Day 22-Chicago-by Ben Suttin
On our first day after leaving San Francisco, our somewhat diminished group hopped on the bus to meet with Dean John Lavine at Northwestern University. Dean Lavine spoke with us about the function and the future of media in conjunction with the technology that we use to consume media.
Throughout Dean Lavine’s presentation, he placed a huge emphasis on the user’s place in the direction of the media. He particularly referenced the fact that the user ultimately decides what they interact with. Regardless of how hard a company tries to reach a user, if the user is uninterested, they will not interact with the content.Dean Lavine told us about a project that his students developed called StatsMonkey. StatsMonkey was an automatic baseball game summarizer. It could convert box scores into in-depth, interesting articles which could compare the game to any previous game in the history of the sport. It did all of this in just a minute and a half. The articles generated by StatsMonkey would allow journalists to interview coaches and players and not have to worry about churning out what Dean Lavine refers to as “commodity journalism” (facts that each journalist covering a topic needs to mention but are the same in each instance).
Two of the student developers of StatsMonkey turned it into a company called NarrativeScience. They created a new program from scratch, called Quill, to evaluate all data, not just baseball scores. Dean Lavine believes that by using programs such as Quill, Journalists could ‘outsource’ commodity journalism to machines that will be able to generate more in-depth technical writing at a rate far faster than that of a human journalist. This would allow journalists to spend more time in the field interviewing individuals connected to the event. As someone who is incredibly excited to be entering media (albeit a different branch than Dean Lavine), Dean Lavine’s presentation greatly resonated with me. Following our meeting with Dean Lavine, we went for some classic Chicago deep dish pizza. The lunch selection disappointed some of the New Yorkers in the group but the overall consensus was positive.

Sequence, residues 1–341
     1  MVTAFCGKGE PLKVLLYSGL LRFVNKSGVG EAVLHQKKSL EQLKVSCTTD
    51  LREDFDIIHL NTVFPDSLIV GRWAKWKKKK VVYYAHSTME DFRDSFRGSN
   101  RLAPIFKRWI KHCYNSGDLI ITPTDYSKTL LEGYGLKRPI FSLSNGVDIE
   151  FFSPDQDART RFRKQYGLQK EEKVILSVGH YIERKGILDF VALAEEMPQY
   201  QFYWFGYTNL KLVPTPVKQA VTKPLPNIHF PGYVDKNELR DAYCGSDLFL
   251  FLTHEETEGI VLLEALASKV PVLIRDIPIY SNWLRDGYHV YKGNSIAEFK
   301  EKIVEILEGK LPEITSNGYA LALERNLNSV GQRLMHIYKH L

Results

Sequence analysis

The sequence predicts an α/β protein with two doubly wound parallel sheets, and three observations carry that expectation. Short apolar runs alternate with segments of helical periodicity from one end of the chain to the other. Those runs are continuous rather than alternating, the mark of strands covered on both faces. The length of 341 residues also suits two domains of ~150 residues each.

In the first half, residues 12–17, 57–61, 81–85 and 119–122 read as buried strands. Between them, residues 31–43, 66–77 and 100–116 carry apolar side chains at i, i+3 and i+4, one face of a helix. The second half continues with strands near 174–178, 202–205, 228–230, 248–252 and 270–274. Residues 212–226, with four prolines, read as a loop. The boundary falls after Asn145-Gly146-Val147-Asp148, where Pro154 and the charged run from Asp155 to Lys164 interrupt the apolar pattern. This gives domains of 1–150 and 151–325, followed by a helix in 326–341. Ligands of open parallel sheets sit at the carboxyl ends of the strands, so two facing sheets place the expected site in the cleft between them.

After our pizza, we visited the Art Institue of Chicago where I enjoyed their special exhibit on Magritte.
We then headed to Lake Michigan to spend some time hanging out by the water.
We ate dinner at a burger bar and then attended a performance by Barrel of Monkeys, a group that visits underprivileged schools to help teach creative writing classes. BoM then takes a select number of stories that the students have written and adapts them into short skits.
I greatly enjoyed today’s balance of themes from media and the way we interact with it to art and social activism.